Arief Amron joined the Securities Commission (SC) Malaysia as Head of Knowledge Management in February 2014. Prior to that, he was with Maybank for 2 years and with Bank Negara for 14 years (of which 5 were in a KM role).
Can you walk us through the current KM initiatives at the SC?
The main bulk of our initiatives is in information management, specifically through the sharing of information via the library. We also disseminate information daily via our enterprise portal. These are mainly internet sources and databases, based around themes like Fintech, governance, leadership and risk management. The themes are guided by our Executive Director. We also look at the SC’s yearly business plan, and see what themes are topical.
We codify tacit knowledge through developing case studies. We conduct Conversation Sessions, where we record interviews with our senior leaders. We have done three so far, with our Deputy Chief Executive as she was retiring.
We organise learning events, such as the annual Merdeka Leadership Series, where we bring in experts to share knowledge with our staff.
We started a KM Practitioner Collaboration Session, where we hosted an introductory workshop on Knowledge Mapping. We did this because we believe that KM cannot be inwardly focused – we need to look at what others outside the SC are doing.
We have started to look at knowledge mapping seriously, and so far it has exceeded our expectations. At Bank Negara, it took much longer as it was done manually. Now, with a software tool we are able to map 18 departments in a short period of time. Currently, we are engaging with those 18 departments and sharing the outcomes of the knowledge mapping exercise.
What are some KM challenges that SC is facing?
Records management (RM) is decentralized, and each department has their own way of managing records. As a result, our management sometimes cannot find important information. You have to go to the respective information owners and ask.
We are obliged to comply with the policies of the National Archives, but last year a few red flags were raised. Our challenge is in raising awareness of this gap with our colleagues. Right now we have 11 departments out of 43 working on RM, granted four of our biggest departments are part of the 11.
The SC started KM in the early 2000s, and management’s and staff’s acceptance of KM is good. The main challenge is in moving forward. Some people are asking, “What’s next?” We see knowledge mapping as an effective way to answer the question. It has already revealed gaps in tacit knowledge and demand for certain types of documents. We need to better manage those documents, by making them more visible at enterprise level.
At the same time, we also face a challenge in shifting paradigm; some people feel that KM is already stabilized so why fix it if it isn’t broken? But I see the SC as being in an ever changing environment, and we need to keep up with the changes.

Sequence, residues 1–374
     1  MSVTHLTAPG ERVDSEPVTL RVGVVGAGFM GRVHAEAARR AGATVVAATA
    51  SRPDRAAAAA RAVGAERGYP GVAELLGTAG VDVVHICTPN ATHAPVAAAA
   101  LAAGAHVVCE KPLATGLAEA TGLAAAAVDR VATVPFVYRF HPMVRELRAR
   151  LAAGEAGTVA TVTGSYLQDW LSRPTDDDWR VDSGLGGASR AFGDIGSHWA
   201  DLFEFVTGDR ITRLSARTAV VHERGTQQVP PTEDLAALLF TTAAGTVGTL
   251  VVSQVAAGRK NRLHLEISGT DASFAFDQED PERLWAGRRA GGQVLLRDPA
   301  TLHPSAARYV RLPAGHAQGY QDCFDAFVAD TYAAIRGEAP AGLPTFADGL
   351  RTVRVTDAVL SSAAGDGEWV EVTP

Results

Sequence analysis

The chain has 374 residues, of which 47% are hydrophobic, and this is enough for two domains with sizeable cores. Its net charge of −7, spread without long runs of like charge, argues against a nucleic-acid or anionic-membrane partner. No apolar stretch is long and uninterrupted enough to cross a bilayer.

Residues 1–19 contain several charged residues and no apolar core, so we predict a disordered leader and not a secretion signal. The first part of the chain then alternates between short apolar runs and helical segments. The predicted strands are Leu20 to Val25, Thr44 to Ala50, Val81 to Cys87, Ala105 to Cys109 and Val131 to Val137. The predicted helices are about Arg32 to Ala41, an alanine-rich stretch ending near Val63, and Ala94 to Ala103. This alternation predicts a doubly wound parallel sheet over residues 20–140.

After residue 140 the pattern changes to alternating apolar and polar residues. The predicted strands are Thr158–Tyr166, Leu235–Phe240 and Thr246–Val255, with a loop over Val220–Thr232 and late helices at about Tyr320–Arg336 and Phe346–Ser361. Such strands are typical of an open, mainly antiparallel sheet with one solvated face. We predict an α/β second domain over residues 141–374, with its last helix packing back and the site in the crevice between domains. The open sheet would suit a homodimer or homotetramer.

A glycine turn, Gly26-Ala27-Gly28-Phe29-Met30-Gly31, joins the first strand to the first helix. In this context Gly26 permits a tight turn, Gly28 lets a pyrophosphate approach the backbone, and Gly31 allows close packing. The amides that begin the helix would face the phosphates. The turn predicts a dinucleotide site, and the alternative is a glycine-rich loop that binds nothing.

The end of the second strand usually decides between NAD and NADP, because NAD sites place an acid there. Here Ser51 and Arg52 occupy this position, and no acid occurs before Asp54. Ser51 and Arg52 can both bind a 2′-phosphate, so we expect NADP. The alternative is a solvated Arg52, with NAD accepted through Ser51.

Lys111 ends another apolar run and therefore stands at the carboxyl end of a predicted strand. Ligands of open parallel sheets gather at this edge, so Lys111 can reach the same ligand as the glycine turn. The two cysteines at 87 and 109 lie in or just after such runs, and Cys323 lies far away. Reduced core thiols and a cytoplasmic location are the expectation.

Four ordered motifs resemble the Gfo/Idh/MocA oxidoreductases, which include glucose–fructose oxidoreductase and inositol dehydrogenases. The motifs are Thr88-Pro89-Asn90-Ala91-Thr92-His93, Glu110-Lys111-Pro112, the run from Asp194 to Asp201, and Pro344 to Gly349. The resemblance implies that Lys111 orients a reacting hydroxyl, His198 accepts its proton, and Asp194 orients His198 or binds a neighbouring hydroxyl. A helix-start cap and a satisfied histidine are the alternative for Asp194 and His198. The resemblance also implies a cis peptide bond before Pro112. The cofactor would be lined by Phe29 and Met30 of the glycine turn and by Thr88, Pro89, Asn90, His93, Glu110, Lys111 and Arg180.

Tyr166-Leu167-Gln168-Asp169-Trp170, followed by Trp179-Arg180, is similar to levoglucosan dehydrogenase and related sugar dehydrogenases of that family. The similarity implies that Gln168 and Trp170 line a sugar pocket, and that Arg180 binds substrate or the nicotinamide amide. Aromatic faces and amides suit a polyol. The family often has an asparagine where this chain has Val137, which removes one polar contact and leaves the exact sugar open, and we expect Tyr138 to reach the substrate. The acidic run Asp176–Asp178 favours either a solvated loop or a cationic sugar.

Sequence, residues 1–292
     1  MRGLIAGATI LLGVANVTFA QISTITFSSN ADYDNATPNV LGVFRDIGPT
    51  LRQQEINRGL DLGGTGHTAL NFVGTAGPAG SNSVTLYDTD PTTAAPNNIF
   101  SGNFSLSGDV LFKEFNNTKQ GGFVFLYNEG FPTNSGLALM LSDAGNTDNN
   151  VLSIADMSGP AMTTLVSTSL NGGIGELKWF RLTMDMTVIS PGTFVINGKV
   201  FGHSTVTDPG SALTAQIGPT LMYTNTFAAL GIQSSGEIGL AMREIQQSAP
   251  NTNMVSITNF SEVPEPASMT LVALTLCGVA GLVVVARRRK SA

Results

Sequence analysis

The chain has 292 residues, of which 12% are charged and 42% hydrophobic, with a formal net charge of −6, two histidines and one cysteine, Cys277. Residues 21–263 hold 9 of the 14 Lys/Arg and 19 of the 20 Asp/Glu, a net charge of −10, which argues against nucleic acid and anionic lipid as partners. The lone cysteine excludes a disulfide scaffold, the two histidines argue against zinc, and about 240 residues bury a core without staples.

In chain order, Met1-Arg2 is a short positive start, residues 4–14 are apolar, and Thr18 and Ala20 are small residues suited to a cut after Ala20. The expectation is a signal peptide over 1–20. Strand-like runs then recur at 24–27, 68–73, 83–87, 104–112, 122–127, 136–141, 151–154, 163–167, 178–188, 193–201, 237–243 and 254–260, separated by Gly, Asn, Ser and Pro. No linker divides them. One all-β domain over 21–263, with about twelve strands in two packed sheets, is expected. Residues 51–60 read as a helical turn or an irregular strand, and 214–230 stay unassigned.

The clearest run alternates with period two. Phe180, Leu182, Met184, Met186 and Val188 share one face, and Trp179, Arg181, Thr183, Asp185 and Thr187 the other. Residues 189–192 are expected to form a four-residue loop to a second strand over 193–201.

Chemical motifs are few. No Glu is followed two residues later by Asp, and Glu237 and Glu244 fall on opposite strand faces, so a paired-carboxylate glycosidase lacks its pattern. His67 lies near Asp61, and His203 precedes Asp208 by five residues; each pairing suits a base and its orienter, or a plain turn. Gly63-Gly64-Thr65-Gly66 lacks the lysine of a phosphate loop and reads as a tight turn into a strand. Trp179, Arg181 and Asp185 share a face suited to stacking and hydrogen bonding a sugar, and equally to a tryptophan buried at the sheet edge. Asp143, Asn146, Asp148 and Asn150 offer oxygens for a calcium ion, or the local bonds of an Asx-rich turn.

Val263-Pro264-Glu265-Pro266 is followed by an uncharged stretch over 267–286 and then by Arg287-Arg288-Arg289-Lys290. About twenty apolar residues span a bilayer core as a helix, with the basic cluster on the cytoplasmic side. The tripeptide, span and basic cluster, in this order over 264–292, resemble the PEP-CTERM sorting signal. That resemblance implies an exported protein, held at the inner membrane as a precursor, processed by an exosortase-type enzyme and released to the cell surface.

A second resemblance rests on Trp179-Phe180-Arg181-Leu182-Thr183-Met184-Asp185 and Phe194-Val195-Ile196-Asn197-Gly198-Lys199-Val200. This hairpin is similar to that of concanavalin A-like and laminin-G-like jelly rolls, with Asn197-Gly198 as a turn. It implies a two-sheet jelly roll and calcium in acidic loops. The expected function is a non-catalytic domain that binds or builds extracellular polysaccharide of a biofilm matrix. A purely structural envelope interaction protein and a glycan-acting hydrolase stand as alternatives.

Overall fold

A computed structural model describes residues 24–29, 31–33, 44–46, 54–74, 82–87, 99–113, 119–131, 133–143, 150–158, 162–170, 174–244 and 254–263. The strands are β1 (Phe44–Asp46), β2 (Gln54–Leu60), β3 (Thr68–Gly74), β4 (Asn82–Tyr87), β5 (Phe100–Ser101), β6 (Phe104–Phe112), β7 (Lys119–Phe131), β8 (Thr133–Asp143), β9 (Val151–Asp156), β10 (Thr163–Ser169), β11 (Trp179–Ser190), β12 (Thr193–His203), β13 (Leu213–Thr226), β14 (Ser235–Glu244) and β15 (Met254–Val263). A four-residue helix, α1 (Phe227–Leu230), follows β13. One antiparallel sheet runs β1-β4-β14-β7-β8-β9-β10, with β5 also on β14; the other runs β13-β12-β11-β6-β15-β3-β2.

Technology is limiting us. We are using Sharepoint 2010 and we find ourselves having to work around some of its limitations. There is no social feature like Q&A or Likes, so we are limited to the portal, email and posters to raise awareness of KM.
What future plans do you have for KM at the SC?
We plan to involve the remaining 25 departments in the knowledge mapping exercise. We expect the exercise to throw up some leads on possible interventions, and these will go into our KM plan.
We are planning to run a Knowledge Day to showcase outcomes of our knowledge mapping exercise and to bring in experts to give talks on KM. We are thinking KM for Leaders – to target our senior managers.
We are looking at a taxonomy for Records Management. This will be in collaboration with our Data Management Department, who are working on knowledge discovery of capital markets data in the internet as well as internal, SC content.
We are looking at the ShadowBox technique as a way of replicating the mental model of our experts. However, we face a challenge in finding secondary experts to interview the primary experts.
We plan to build internal competencies and capabilities in KM, not just conceptual but also technical ones.
What advice do you have for fellow KM practitioners?
In the Malaysian context, buy-in from top management is really important. You need to establish relationship with your top management not just to get funding but also to gain access to key business people in the organisation. If you don’t have leadership support, you may risk not knowing what the business wants. Leadership may see things slightly differently, and you want to be aligned with them.
You have to be constantly aware of what’s going on in the business, so that you can link KM to the business. The KM function needs to align with business interests, whether internal or strategic.
You need to share your achievements. What we do is sometimes embedded and could go unnoticed. You should find opportunities to report or share your successes.
Never give up; have faith in what KM can do to help your organisation.
Date of Interview: 5 September 2016
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